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  (Source: nationalgeographic.com)
It's a seven-point scale

The Fukushima Daiichi nuclear plant in Japan has had issues with toxic water leaving the site of its damaged reactor, and now, Japan's nuclear agency is upping the toxicity level of this water. 

Japan's Nuclear Regulation Authority is looking to raise the alert level of a leak at the plant from a one to a three on the International Nuclear and Radiological Event Scale (INES). INES is a seven-point scale. 

The move still has to be approved by the United Nations' nuclear agency.

The reason behind this increase in severity is the fact that 300 tonnes of radioactive water is leaking into the Pacific Ocean from the plant daily, which contains radioactive particles of cesium, tritium and strontium. To make matters worse, Tokyo Electric Power Company (Tepco) said that one puddle of the toxic water emits 100 millisieverts an hour of radiation. 

"One hundred millisieverts per hour is equivalent to the limit for accumulated exposure over five years for nuclear workers; so it can be said that we found a radiation level strong enough to give someone a five-year dose of radiation within one hour," said Masayuki Ono, general manager of Tepco.

Officials are already working to try and prevent more toxic water from leaving storage tanks, such as the leak that may receive a three on the scale. For instance, sandbags are being used to surround the tank and absorb water. 

Just last week, it was announced that Japan was looking into creating an ice wall, which would turn soil into a permafrost-type condition through the use of refrigerated coolant. This would build an underground containment wall made of ice to hold the water and stop it from going into the Pacific. 

However, the government doesn't have a cost estimate for the project yet. Kajima Corp. -- the construction company that largely built the nuclear plant -- has until March 31, 2014 to create a feasibility study of the ice wall.

The government would like the project to be completed by July 2015. 

Back in March 2011, a 9.0-magnitude earthquake shook Japan and crippled the reactor at Fukushima Daiichi nuclear plant. It caused quite a bit of havoc with the release of radioactive watercontamination of crops and of course, the thousands of lives lost.

Source: BBC News



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RE: Damn, this is disturbing!
By tng on 8/21/2013 2:25:10 PM , Rating: 2
quote:
Well it has started happening to people who were nearby when this happened.
OK... It really hasn't yet, but this is the kind of thing that they are looking for and someone sent me the link saying that the sky was falling based on the headline.

The headline of this article leads one to think that they are starting to have issues when in fact they are not. Guess the press is the same everywhere.


RE: Damn, this is disturbing!
By Samus on 8/21/2013 4:49:36 PM , Rating: 4
What's disturbing is the ocean can only dilute this radiation for so long. Nearby wild life, especially fish, are going to be affected before humans.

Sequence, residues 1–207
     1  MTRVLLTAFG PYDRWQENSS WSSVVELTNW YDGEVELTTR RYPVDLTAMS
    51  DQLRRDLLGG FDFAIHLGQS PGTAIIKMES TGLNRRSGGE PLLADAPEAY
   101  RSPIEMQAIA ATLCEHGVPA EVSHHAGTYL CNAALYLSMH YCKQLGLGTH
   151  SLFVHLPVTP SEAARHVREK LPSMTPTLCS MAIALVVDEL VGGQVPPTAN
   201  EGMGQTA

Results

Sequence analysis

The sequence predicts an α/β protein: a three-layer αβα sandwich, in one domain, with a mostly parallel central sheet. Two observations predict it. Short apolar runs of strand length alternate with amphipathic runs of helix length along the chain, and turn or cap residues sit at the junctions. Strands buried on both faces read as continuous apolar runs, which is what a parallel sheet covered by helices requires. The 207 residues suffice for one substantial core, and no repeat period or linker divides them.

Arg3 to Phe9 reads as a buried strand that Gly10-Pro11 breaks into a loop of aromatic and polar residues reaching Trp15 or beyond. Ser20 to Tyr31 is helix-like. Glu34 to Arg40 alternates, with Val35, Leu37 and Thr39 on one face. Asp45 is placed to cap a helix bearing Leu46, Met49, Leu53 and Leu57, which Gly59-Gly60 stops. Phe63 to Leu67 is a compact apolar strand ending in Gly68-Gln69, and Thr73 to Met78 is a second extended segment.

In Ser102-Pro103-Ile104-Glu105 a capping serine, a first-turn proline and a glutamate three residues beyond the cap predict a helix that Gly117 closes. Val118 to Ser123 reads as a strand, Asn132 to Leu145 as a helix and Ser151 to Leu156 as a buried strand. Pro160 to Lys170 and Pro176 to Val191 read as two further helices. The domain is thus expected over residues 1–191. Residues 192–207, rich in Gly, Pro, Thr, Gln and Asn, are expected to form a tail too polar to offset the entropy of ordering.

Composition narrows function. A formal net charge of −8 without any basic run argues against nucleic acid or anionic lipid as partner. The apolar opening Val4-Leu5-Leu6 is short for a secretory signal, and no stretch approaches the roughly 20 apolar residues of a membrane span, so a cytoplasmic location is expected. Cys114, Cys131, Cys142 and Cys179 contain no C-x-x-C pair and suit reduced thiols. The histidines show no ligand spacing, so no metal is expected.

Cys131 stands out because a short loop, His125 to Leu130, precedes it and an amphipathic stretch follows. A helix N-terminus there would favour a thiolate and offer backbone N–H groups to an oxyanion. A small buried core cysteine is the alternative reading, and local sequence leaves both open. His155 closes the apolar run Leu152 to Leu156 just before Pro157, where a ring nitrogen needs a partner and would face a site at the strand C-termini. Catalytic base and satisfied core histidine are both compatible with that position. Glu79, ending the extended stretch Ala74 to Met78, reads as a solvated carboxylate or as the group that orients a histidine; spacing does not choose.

They are breaking the golden rule: Don't fuck with your food supply.


RE: Damn, this is disturbing!
By maugrimtr on 8/22/2013 10:31:16 AM , Rating: 2
Worse, the food chain will concentrate the radiation. Any creature which consumes food will have radiation from the bottom of the food chain building up in their bodies (and those of their predators in turn) until it reaches a Human's plate.


RE: Damn, this is disturbing!
By drycrust3 on 8/21/2013 5:26:40 PM , Rating: 2
quote:
OK... It really hasn't yet, but this is the kind of thing that they are looking for and someone sent me the link saying that the sky was falling based on the headline.

Did you read the article? Here is the start of that article:
quote:
Six young people in Fukushima Prefecture, who were aged 18 or under when the nuclear crisis began to unfold there in March 2011, have been diagnosed with thyroid cancer since June, prefectural authorities said Aug. 20.
In addition, 10 children are believed to have developed the same form of cancer.

Notice anything unusual? 6 people who one wouldn't expect to get thyroid cancer have now got it, and they got it sooner than one would expect. It may well be this is within the statistical norm for a population of that size, but you haven't said that is the case, and no one else has said that, so I'm guessing it is well outside the statistical norm. Would you be happy if this plant was leaking a mile down the road from your house? Would you be saying things like "It really hasn't yet" to your neighbours when their children get strange lumps on their bodies and can't run and play like they used to?
The most obvious conclusions one can make about this report are either the leaking was happening prior to the earthquake, or the levels of radiation have been under-reported, or that both of these have happened.
The real big problem here is that right from the start there was too much "saving face" going on in the face of a potentially really serious situation.
Whether shutting down the whole plant as soon as the tsunami struck would have saved the situation is a big unknown, but to me it would have been the best option in a situation where you don't know if your plant is fully functional.
Even now this whole area should not be used for habitation, agriculture or fishing, but no, the "oh no, we must save face" brigade will turn up and people will be getting cancers and nothing will be done about it above the doctor - patient level.


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